What Drugs Cause Respiratory Depression? | Banyan Treatment Heartland

What Drugs Cause Respiratory Depression?

 

Hypoventilation, or respiratory depression, refers to slow, shallow, and ineffective breathing.

There are many causes of respiratory depression, one of them being drug use. Many medications, if misused or abused, can lead to respiratory depression. Without treatment, this condition can become life-threatening and cause permanent damage. If you’re wondering what drugs cause respiratory depression, we’ve put together a list for you.


What Is Respiratory Depression?

Respiratory depression is a breathing disorder characterized by slow and shallow breathing. During a normal breathing cycle, you inhale oxygen into your lungs, which is carried throughout your body by your blood.

Your blood then takes the carbon dioxide and pushes it back into your lungs so you can exhale and release it. When a person is experiencing respiratory depression or hypoventilation, this process is interrupted. They can’t get enough oxygen into their lungs, disrupting the cycle and preventing them from releasing carbon dioxide.

Normally, breathing rates in people with respiratory depression slow down to 8 to 10 breaths per minute, a significant difference from the normal 12 to 16 breaths per minute. This can lead to poor use of oxygen by the lungs, as well as a build-up of carbon dioxide in the body, which can be dangerous.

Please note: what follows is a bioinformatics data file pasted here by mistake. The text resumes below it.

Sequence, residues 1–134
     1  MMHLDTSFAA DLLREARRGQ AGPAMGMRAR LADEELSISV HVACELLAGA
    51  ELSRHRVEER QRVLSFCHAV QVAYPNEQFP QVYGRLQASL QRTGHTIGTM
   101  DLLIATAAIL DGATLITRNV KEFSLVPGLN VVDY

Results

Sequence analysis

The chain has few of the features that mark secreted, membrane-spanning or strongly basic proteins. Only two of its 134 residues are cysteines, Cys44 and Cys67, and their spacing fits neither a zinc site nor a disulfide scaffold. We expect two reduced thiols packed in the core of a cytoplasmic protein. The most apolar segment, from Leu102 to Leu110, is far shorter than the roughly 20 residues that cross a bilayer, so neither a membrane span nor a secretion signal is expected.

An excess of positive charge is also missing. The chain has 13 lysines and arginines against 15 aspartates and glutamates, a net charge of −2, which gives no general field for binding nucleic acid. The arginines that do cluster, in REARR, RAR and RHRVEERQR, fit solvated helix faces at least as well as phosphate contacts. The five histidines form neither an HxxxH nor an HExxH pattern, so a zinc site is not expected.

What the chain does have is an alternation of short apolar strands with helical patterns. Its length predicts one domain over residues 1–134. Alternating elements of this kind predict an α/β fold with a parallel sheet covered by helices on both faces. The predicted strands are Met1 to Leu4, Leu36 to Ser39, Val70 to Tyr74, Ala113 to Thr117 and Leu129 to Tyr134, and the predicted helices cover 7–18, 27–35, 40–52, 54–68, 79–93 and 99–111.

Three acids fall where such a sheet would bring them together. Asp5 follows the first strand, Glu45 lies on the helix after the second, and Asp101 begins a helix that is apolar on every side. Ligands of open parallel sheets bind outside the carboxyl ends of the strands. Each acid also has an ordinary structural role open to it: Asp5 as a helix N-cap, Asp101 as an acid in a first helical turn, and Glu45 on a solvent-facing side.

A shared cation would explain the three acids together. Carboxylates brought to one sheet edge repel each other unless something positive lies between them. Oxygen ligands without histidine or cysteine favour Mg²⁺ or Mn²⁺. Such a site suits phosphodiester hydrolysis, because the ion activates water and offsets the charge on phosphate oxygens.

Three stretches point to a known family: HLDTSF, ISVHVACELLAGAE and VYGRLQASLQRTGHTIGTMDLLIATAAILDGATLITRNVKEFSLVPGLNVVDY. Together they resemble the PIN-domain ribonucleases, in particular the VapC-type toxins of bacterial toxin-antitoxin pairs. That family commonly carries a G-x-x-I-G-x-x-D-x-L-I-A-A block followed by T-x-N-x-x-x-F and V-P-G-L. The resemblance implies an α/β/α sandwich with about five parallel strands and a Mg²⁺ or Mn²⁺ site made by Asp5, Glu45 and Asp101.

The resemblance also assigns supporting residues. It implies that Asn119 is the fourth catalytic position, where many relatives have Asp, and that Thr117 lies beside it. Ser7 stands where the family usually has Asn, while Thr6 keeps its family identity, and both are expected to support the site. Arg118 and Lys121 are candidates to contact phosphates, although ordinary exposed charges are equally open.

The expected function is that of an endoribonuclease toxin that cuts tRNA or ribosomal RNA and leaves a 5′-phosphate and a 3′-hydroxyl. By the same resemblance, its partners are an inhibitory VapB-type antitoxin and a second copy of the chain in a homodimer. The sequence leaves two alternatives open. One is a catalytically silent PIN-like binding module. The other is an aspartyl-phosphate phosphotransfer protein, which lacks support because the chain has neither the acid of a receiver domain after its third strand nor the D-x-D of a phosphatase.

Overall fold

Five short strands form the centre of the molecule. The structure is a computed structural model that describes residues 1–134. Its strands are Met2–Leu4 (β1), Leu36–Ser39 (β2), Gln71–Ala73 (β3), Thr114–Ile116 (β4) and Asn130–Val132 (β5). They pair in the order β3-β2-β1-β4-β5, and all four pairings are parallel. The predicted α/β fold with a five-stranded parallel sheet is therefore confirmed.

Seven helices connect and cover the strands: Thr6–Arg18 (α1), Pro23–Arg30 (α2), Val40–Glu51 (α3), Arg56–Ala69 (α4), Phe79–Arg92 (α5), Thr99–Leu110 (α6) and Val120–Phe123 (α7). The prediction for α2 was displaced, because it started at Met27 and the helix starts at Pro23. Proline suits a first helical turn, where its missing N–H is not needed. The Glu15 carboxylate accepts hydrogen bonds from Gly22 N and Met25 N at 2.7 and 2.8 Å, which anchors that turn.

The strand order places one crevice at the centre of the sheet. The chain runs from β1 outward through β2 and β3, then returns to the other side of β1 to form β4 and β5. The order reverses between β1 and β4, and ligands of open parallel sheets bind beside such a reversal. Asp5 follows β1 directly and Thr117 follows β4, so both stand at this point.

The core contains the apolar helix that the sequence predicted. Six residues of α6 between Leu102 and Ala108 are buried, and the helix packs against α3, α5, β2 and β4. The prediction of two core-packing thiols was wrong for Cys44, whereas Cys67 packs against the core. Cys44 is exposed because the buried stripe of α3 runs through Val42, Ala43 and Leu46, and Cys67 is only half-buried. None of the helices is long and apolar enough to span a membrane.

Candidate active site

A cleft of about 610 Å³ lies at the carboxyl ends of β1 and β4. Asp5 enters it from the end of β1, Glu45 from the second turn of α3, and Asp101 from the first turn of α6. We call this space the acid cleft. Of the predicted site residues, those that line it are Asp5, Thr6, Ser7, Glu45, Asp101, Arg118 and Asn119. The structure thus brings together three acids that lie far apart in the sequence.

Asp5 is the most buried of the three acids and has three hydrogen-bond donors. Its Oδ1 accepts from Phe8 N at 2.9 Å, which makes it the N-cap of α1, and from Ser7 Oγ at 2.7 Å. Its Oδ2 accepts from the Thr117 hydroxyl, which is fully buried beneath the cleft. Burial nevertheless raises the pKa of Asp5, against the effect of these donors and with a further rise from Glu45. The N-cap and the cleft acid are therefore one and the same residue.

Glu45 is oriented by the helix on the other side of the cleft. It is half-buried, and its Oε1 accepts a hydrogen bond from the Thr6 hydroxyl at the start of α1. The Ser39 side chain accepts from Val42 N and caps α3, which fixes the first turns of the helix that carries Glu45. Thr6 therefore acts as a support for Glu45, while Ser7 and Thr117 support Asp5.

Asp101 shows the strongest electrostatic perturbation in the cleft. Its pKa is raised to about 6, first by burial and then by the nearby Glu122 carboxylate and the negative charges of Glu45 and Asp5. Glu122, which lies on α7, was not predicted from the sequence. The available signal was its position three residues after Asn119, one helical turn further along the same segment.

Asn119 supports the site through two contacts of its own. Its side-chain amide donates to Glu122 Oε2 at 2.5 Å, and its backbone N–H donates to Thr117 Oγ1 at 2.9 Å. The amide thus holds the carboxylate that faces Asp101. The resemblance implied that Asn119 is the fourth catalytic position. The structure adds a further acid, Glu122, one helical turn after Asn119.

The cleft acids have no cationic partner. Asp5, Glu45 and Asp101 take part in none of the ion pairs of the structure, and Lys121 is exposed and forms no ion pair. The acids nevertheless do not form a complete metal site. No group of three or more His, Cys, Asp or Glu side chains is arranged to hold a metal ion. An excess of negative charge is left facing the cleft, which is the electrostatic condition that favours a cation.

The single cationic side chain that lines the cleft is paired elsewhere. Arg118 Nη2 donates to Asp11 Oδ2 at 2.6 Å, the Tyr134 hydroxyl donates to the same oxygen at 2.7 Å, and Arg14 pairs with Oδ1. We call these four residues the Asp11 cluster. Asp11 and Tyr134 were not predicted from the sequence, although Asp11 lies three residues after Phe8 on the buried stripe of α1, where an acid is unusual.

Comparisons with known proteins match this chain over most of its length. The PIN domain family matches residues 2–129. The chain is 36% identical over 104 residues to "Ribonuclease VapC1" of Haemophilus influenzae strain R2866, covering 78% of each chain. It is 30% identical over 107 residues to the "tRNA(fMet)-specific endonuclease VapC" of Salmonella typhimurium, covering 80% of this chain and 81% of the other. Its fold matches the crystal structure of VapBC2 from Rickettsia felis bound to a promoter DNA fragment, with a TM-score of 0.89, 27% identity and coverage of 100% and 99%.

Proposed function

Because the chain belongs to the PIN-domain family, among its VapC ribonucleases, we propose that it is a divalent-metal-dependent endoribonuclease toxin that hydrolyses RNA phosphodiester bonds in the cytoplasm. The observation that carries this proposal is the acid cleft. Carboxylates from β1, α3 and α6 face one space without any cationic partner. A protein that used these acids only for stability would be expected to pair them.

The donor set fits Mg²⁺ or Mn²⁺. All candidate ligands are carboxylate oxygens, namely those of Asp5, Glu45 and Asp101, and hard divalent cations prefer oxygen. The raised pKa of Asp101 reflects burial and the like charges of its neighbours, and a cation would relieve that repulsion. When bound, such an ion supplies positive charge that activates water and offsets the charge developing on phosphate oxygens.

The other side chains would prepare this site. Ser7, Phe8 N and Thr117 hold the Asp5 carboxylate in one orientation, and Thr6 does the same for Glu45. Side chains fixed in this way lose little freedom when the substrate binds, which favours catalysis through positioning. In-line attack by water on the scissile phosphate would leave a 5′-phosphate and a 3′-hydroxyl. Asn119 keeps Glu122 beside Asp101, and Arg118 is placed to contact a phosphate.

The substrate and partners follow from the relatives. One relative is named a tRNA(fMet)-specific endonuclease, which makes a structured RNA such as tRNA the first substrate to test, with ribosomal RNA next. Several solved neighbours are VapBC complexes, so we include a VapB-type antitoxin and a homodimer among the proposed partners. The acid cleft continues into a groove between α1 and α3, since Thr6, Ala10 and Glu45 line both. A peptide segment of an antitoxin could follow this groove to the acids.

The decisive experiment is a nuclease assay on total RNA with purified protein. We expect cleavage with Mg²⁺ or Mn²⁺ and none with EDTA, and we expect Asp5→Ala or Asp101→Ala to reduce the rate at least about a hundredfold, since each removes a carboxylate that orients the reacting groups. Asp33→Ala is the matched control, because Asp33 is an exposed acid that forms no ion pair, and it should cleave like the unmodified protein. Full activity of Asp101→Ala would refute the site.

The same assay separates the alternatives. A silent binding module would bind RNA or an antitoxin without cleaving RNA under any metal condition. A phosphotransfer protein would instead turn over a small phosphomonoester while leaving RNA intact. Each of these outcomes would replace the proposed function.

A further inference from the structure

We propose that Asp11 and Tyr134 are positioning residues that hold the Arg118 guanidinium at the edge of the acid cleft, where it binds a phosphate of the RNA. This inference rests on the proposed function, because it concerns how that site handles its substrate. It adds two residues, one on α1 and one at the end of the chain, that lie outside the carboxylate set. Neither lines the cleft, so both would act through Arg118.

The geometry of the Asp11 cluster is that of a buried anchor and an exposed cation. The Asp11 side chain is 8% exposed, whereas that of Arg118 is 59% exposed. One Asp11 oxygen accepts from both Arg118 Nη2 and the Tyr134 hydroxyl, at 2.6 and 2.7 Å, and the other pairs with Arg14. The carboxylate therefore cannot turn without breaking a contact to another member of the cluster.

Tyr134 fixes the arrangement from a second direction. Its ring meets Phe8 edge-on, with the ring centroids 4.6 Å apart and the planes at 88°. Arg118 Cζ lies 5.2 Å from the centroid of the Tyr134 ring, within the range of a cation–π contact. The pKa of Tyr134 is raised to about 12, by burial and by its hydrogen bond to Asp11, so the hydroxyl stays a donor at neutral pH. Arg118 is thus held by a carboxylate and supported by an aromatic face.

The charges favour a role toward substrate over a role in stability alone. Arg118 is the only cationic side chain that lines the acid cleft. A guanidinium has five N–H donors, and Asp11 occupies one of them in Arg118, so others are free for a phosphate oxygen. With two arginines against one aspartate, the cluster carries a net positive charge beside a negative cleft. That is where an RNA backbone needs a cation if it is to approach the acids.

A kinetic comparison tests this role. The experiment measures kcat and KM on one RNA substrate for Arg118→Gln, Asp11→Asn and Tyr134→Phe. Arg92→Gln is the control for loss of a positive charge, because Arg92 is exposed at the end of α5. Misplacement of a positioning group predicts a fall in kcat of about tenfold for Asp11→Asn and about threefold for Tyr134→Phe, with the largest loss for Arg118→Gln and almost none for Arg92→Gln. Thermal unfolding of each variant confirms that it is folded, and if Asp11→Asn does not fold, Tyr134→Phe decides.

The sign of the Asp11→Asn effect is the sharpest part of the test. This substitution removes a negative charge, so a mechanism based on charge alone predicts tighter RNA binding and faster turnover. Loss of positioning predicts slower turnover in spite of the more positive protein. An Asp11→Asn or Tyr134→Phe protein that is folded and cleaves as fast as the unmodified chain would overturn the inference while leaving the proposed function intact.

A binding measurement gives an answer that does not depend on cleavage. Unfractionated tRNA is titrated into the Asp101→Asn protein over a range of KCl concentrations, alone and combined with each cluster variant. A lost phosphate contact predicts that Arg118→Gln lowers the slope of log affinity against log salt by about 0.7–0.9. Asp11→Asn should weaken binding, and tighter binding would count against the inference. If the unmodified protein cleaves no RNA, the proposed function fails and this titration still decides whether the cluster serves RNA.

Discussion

Some signs of respiratory depression include:

  • Fatigue
  • Confusion and disorientation
  • Lethargy
  • Headache
  • Dizziness
  • Nausea and/or vomiting
  • Fluctuations in blood pressure
  • Abnormal breathing sounds, such as a whistling or crackling sound
  • Apnea (abnormally long pauses in between breaths followed by a long sigh)
  • Bluish or grayish skin
  • Rapid heart rate

If a person does not receive respiratory depression treatment in time, they may experience life-threatening side effects like:

    Stopped breathing (respiratory arrest) Heart attack Brain damage due to insufficient oxygen Slow heart rate Coma Death

If you notice any signs of respiratory depression in yourself or a loved one, call 9-1-1 immediately. Without proper medical assistance, the situation can quickly become a matter of life and death.


Drugs That Cause Respiratory Depression

The most common cause of respiratory depression is taking high doses of drugs or drug overdose. Certain drugs can cause respiratory depression when you take doses higher than recommended by your doctor or if they're mixed with other substances.

The most common types of drugs that cause respiratory depression are depressants or substances that have a depressing or sedative effect on the brain and spinal cord.

Respiratory depressant drugs include:

  • Alcohol
  • Benzodiazepines (Xanax, Valium, Ativan)
  • Barbiturates (phenobarbital, secobarbital, amobarbital, and pentobarbital)
  • Narcotics or opioids (morphine, Vicodin, OxyContin, fentanyl)
  • Illicit drugs (heroin, GHB, desomorphine)
  • Sleeping pills like Ambien and Ultram